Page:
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RFE/RL Review March 31, 2006

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The Best of Radio Free Europe/Radio Liberty Reporting
March 18-31, 2006

BELARUS SERVICE ATTRACTS RECORD AUDIENCE Extensive multiple-media coverage by RFE/RL's Belarus Service of the March 19 presidential elections in Belarus and the protests that followed all week attracted new audiences of four to five times their usual size.
Election-day coverage began at 8:00 AM Sunday on RFE/RL's Belarusian-language website, with the posting of correspondent reports and photographs, updated continuously every five to ten minutes. The service posted more than 125 election news reports and features on Sunday and had a record number of visitors -- at least four times higher than usual and double the total for the previous day.
RFE/RL radio broadcasting began at 5:00 PM (Belarusian time) and continued live for the next 14 hours, with staff rotations in the Prague broadcast center and RFE/RL's Minsk bureau. Hundreds of Belarusian voters called a dedicated listeners' phone line that was staffed for the election in the Minsk bureau; calls about their experience at the polls and views on the process were selected and aired every hour.
Later in the afternoon, RFE/RL Belarus Service Director Alexander Lukashuk reported live from the huge opposition rally in Minsk's October Square, vividly conveying the Election Day atmosphere: "There are an incredible number of people, an incredible number of young people. There are very young and beautiful faces here. And of course there are a lot of white-red-and-white flags, yellow-and-blue [Ukrainian] flags, European Union flags, and flags of the Zubr [youth opposition] movement... people chanting 'Belarus!', 'Long live Belarus!', 'Freedom!'" Foreign correspondents for the Belarusian Service in Warsaw, Washington, Kiev, Vilnius, and London also filed reports on diaspora voting, demonstrations, and official statements.
Monday, March 20, saw the continuation of expanded around-the- clock coverage on the Belarus Service's website, More than 90 reports were posted in a 24-hour period, starting at 10:00 AM (Belarusian time), and aired on short-wave and medium-wave frequencies later that day when radio broadcasting resumed at 5:00 PM. Coverage included reports from the regions on voting irregularities and violations of the electoral code; international reaction to the final election results; separate exclusive interviews in Minsk with the two main opposition candidates, Alyaksandr Milinkevich and Alyaksandr Kazulin; phone interviews with Belarusian president-in-exile Ivonka Survilla and Council of Europe Secretary General Terry Davis, who described the election as "unconscionable" and "a farce." A major focus of reporting was the continuing arrests, protests and the growing tent city on October Square. RFE/RL Belarus Service correspondents in shifts kept a 24-hour watch on the Square and at key locations in Minsk, talking to the families and relatives of those arrested, tent-city organizers, and rally participants.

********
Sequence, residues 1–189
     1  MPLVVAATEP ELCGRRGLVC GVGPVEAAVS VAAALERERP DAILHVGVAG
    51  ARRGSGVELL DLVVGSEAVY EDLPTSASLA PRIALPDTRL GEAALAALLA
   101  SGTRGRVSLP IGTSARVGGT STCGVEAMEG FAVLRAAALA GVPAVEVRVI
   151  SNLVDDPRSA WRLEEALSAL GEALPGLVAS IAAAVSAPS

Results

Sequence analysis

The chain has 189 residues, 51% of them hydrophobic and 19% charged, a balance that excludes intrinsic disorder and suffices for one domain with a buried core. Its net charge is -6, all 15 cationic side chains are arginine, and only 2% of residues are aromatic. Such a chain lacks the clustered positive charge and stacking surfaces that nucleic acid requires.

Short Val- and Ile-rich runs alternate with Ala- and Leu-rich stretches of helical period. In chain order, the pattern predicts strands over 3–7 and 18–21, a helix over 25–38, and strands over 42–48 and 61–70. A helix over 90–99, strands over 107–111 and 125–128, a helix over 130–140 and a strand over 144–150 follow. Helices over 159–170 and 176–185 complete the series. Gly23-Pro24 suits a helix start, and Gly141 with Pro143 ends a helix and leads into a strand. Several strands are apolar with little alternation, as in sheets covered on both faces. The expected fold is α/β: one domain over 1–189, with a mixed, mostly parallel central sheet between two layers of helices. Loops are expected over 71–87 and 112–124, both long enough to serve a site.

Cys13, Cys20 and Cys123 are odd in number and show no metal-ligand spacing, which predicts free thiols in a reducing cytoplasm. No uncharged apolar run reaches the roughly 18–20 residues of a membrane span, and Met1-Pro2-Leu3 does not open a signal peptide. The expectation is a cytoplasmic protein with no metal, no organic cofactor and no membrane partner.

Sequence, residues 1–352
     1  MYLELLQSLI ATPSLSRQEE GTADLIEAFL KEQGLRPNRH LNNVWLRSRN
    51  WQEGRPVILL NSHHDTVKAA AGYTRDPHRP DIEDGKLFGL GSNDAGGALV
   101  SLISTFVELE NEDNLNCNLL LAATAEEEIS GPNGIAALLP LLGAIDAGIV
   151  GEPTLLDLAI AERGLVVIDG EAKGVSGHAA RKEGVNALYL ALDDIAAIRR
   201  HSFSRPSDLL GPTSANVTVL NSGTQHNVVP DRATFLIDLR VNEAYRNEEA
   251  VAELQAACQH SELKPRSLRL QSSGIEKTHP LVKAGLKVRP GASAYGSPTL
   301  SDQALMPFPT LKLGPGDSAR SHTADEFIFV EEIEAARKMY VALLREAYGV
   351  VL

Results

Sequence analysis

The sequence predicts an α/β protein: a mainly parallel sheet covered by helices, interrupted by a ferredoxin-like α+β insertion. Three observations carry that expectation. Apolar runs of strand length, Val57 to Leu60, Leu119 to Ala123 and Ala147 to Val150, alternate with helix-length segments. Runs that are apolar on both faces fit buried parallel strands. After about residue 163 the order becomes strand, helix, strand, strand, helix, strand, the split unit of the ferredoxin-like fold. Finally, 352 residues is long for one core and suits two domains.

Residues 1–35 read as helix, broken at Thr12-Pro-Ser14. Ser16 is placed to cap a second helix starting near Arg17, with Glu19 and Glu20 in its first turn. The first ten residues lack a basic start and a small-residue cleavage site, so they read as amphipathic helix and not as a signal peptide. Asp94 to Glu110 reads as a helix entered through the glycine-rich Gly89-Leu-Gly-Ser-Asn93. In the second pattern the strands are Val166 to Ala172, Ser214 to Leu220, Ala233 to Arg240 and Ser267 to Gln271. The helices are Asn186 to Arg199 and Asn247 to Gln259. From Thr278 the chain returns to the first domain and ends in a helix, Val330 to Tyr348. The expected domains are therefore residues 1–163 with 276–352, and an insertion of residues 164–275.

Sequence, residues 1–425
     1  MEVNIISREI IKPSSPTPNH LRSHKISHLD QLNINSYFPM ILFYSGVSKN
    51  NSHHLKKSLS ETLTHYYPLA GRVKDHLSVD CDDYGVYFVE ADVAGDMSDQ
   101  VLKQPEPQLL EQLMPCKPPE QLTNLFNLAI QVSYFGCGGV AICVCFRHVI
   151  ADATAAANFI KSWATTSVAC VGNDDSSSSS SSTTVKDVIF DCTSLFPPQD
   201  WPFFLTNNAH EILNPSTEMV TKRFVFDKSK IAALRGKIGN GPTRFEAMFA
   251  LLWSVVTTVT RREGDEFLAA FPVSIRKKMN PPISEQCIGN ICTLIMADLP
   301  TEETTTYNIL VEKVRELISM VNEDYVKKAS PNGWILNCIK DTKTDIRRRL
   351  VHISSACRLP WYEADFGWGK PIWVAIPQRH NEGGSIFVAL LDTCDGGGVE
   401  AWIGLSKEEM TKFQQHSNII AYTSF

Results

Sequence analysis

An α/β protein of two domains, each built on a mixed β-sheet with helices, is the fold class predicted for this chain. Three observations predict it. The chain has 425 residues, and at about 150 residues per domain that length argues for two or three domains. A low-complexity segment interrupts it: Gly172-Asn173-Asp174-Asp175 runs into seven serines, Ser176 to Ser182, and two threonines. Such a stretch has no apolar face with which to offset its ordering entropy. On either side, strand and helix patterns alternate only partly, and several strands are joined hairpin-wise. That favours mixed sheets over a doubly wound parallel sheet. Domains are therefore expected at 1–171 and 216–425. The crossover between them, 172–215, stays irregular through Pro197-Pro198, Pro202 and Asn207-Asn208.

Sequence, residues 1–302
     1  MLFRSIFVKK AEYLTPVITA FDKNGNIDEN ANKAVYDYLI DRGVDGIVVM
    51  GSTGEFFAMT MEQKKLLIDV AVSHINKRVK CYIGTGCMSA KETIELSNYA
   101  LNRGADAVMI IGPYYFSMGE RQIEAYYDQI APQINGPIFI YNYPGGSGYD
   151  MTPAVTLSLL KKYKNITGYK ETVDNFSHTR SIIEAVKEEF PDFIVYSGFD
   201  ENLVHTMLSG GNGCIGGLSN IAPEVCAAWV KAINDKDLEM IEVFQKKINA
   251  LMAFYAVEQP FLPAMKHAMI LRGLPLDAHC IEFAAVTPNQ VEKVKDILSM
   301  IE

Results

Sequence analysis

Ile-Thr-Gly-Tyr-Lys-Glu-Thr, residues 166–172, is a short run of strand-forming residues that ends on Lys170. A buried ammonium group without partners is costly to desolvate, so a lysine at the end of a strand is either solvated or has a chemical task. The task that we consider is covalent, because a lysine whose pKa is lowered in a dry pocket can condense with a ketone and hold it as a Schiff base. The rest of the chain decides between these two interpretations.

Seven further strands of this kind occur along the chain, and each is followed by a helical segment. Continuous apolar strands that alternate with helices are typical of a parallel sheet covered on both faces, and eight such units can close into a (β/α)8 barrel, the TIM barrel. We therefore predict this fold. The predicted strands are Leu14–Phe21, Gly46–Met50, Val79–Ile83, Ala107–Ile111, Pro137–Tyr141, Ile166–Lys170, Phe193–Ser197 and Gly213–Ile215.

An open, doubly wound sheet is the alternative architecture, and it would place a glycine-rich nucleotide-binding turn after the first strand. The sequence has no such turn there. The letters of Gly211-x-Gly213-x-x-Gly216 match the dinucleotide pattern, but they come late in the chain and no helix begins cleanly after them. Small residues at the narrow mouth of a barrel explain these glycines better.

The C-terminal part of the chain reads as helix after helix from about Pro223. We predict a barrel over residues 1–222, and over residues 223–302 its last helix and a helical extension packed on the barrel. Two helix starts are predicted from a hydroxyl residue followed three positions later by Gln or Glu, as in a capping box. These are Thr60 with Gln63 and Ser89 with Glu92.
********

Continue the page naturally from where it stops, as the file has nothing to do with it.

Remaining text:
An RFE/RL correspondent was with the demonstrators when security forces attacked the tent city at 3:00 AM on March 24, and continued to report and record as bulldozers smashed the tents around her. Polish diplomat Mariusz Maszkiewic, a former ambassador to Belarus, was among those arrested and called RFE/RL's Minsk bureau from his cell phone, asking that the bureau inform the Polish foreign ministry.
RFE/RL correspondents were also at a protest rally on March 25, celebrated by the Belarusian opposition as Freedom Day in memory of the country's brief period of independence in 1918. RFE/RL correspondents reported live from Kupala Park as Kazulin and Milinkevich addressed a crowd of thousands, and were on the scene when police halted and brutally attacked their peaceful march towards a prison five miles away. The audible sound of blows, screams of the victims, and explosions of tear gas were broadcast live as people were being beaten and arrested.
During that week, the service's Belarusian-language website was the number one website in Belarus, reaching an all time record number of visitors. Monthly website statistics registered 221,000 visitors in March, compared to 51,000 in February. In addition, nine sites in Belarus, including those of independent media and opposition political parties, republished RFE/RL web reports, roughly tripling the visitor total.